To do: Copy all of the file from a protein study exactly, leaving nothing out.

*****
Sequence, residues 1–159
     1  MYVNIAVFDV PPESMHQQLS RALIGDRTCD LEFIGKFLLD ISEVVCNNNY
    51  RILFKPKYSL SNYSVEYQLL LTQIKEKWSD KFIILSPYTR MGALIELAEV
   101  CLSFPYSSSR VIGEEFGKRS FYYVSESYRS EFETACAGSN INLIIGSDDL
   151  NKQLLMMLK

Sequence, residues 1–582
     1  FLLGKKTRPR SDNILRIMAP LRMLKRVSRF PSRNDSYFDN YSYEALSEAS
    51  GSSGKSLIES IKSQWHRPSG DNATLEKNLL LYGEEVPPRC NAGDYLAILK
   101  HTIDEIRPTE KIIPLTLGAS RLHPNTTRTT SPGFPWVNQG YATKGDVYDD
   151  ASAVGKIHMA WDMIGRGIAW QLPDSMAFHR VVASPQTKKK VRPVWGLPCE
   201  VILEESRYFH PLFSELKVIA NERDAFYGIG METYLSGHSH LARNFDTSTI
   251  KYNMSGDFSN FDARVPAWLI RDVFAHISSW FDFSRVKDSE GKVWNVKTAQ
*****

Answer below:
Sequence, residues 1–159
     1  MYVNIAVFDV PPESMHQQLS RALIGDRTCD LEFIGKFLLD ISEVVCNNNY
    51  RILFKPKYSL SNYSVEYQLL LTQIKEKWSD KFIILSPYTR MGALIELAEV
   101  CLSFPYSSSR VIGEEFGKRS FYYVSESYRS EFETACAGSN INLIIGSDDL
   151  NKQLLMMLK

Sequence, residues 1–582
     1  FLLGKKTRPR SDNILRIMAP LRMLKRVSRF PSRNDSYFDN YSYEALSEAS
    51  GSSGKSLIES IKSQWHRPSG DNATLEKNLL LYGEEVPPRC NAGDYLAILK
   101  HTIDEIRPTE KIIPLTLGAS RLHPNTTRTT SPGFPWVNQG YATKGDVYDD
   151  ASAVGKIHMA WDMIGRGIAW QLPDSMAFHR VVASPQTKKK VRPVWGLPCE
   201  VILEESRYFH PLFSELKVIA NERDAFYGIG METYLSGHSH LARNFDTSTI
   251  KYNMSGDFSN FDARVPAWLI RDVFAHISSW FDFSRVKDSE GKVWNVKTAQ